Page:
Former American Institute in Taiwan (AIT) chairman Richard Bush on Friday said that the US was likely to try to “influence” Taiwan’s 2016 presidential elections.
While he did not speculate about what might happen, Bush indicated that Washington would declare a preference for the Chinese Nationalist Party (KMT) candidate because there were lingering doubts about the Democratic Progressive Party’s (DPP) cross-strait policies.
This is possibly the first time a former US official of Bush’s standing has spoken about Washington’s purported involvement in Taiwanese politics.
Bush, now a senior fellow at the Brookings Institution, told a conference on cross-strait relations that the 2016 election could change the role the nation plays in the way the US and China interact, and alter the nature of Taiwan-US-China relations.
It would depend on which party won the presidency, and on the politics and policies the new president would pursue, he said.
Bush said that it was too early to predict results and that current polls were probably meaningless.
Taiwan is seen, particularly by Chinese, as an integral part of Washington’s efforts to contain, restrain and obstruct Beijing, Bush said.
“An important point is that while Taiwan might have been a passive actor in this, it is not a passive actor anymore,” Bush said, adding that the nation had been “an active participant” for the past two decades and that through its actions, Taipei shaped many of the conclusions that Washington and Beijing reached.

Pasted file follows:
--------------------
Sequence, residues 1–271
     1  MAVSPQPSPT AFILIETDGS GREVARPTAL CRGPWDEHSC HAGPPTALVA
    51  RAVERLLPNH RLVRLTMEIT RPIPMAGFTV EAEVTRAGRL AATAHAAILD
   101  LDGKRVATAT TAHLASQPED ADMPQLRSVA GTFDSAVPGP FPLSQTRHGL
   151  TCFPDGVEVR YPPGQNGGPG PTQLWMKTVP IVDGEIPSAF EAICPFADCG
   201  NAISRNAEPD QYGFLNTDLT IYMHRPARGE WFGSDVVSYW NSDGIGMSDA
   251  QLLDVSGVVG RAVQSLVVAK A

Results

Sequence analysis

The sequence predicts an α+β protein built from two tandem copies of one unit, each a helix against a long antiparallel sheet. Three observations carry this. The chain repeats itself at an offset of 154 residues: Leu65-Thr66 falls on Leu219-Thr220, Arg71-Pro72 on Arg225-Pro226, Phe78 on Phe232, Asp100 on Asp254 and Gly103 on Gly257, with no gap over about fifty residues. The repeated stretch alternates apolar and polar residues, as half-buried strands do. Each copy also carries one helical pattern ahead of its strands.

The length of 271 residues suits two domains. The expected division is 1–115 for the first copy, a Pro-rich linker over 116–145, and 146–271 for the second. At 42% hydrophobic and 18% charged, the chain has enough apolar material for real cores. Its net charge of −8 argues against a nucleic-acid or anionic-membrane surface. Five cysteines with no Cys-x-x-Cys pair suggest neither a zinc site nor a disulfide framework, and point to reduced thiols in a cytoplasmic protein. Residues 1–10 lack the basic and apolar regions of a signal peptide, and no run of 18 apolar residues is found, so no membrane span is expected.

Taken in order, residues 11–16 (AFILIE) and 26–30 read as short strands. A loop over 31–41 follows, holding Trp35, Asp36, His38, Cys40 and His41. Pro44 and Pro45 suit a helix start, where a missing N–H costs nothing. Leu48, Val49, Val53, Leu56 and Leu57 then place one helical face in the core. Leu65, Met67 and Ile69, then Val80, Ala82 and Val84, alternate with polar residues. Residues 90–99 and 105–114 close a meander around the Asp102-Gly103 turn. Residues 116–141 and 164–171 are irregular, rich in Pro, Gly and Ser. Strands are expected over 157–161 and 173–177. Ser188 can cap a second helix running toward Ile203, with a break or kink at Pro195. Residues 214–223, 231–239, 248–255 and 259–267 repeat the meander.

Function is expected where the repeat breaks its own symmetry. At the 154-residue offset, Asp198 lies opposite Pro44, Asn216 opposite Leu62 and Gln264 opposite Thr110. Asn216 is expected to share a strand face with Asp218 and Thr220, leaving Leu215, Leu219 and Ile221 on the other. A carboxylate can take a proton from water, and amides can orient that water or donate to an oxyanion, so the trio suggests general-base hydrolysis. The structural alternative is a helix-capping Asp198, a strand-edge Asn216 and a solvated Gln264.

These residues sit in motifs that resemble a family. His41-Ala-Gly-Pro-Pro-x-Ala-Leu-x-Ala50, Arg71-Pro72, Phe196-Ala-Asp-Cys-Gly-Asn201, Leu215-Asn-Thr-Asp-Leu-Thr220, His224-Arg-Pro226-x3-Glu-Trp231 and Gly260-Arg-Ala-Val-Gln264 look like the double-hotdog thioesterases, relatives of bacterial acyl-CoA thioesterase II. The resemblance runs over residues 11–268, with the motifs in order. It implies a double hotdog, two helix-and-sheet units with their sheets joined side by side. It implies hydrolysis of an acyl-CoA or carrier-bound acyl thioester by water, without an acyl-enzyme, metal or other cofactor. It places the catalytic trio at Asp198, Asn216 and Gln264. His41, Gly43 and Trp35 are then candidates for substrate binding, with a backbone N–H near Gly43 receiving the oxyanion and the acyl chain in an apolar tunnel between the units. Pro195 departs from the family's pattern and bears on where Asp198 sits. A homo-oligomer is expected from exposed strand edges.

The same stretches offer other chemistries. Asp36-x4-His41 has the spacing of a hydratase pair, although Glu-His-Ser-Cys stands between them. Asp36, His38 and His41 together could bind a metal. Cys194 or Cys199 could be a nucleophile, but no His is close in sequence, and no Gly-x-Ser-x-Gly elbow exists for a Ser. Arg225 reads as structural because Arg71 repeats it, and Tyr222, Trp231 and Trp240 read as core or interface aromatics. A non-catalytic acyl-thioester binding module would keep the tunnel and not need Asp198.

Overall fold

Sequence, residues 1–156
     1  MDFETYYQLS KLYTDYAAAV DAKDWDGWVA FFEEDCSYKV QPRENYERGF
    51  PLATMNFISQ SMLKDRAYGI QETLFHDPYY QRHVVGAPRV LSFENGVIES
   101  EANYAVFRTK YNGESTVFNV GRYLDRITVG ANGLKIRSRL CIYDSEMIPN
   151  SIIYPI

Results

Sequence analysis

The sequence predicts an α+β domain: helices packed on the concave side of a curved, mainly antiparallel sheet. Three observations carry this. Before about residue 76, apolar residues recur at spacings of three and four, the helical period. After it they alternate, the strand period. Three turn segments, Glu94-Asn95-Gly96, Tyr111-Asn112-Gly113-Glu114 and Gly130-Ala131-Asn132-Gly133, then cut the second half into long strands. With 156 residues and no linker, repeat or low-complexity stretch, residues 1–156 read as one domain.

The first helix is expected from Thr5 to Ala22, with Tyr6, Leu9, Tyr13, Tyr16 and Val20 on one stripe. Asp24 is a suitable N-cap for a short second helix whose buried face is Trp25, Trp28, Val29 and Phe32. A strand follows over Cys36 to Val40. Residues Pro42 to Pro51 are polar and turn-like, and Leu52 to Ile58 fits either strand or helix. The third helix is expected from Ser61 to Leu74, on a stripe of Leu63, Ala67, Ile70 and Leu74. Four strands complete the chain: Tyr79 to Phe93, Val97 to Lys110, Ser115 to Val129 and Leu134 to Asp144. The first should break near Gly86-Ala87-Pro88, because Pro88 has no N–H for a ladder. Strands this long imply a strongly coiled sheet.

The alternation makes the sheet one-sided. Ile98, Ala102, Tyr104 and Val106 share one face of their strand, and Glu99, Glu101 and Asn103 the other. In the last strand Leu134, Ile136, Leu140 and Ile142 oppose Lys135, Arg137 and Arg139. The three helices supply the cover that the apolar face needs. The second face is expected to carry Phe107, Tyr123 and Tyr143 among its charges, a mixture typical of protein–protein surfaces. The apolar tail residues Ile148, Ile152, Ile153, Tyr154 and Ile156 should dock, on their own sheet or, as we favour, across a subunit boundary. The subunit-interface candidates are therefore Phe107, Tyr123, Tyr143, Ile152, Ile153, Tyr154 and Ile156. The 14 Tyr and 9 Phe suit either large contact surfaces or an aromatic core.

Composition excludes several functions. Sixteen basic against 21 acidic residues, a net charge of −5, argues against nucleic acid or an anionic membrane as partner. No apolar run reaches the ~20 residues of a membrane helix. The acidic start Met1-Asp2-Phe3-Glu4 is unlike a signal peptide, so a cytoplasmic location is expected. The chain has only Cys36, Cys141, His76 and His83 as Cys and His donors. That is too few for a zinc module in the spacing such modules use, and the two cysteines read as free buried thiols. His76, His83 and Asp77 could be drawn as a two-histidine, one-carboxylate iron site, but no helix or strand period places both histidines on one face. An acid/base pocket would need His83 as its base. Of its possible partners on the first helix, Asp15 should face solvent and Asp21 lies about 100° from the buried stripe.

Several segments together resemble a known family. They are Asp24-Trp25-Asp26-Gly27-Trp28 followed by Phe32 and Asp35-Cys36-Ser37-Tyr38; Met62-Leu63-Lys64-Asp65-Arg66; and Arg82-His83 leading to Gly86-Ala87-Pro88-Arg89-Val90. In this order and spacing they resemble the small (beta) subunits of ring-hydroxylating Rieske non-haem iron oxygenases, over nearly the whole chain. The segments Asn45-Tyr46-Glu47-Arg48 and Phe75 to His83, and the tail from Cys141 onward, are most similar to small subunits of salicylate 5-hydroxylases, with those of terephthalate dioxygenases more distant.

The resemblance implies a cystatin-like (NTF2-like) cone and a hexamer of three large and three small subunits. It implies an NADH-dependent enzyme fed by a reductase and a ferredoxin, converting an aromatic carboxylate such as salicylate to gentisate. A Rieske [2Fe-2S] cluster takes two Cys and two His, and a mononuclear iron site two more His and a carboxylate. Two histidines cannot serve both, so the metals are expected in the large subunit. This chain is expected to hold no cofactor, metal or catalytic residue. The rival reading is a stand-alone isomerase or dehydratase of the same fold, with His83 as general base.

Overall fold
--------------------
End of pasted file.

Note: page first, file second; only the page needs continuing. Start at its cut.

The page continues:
The question to be considered is what Taiwan might do to shape these conclusions, Bush said.
He said that for the next couple of years cross-strait relations would be quiet, but they could change with the 2016 election.
“What I am prepared to say with some confidence is that the US government at some time and in some way will express itself about the implications of the 2016 election for US interests,” Bush said.
“I recognize ... that Washington is caught in a bit of a dilemma here,” he said. “On the one hand, we have the general principle that it is the voters of friendly democratic countries who should be the ones to pick their leaders at the ballot box, and the US should not try to influence their votes by questioning one candidate or the other; but on the other hand, the United States has interests in the policies of any leadership, whether it is Taiwan or any other place.”
“In spite of this dilemma, Washington has not been quiet,” Bush said.
He said that in 1996, the administration of then-US president Bill Clinton influenced Taiwanese elections by making statements and did so again in December 1999.
“I myself made a public statement in Taiwan where I laid out our view about Taiwan’s democratic election,” Bush said.
At that time, Bush was chairman and managing director of the American Institute in Taiwan.
He said that almost exactly four years after his statement, the White House made an announcement that was clearly critical of former president Chen Shui-bian’s (陳水扁) policies and that in September 2007 there was another “long and detailed” critique of the Chen administration’s policies issued in advance of the 2008 election.
Then, four years later, in September 2011, the administration of US President Barack Obama let its views be known by having an anonymous official give an interview to the Financial Times, Bush said.
“So this is something we do,” Bush said. “We feel there is a need for us to express our views on how our interests will be affected by Taiwan’s elections.”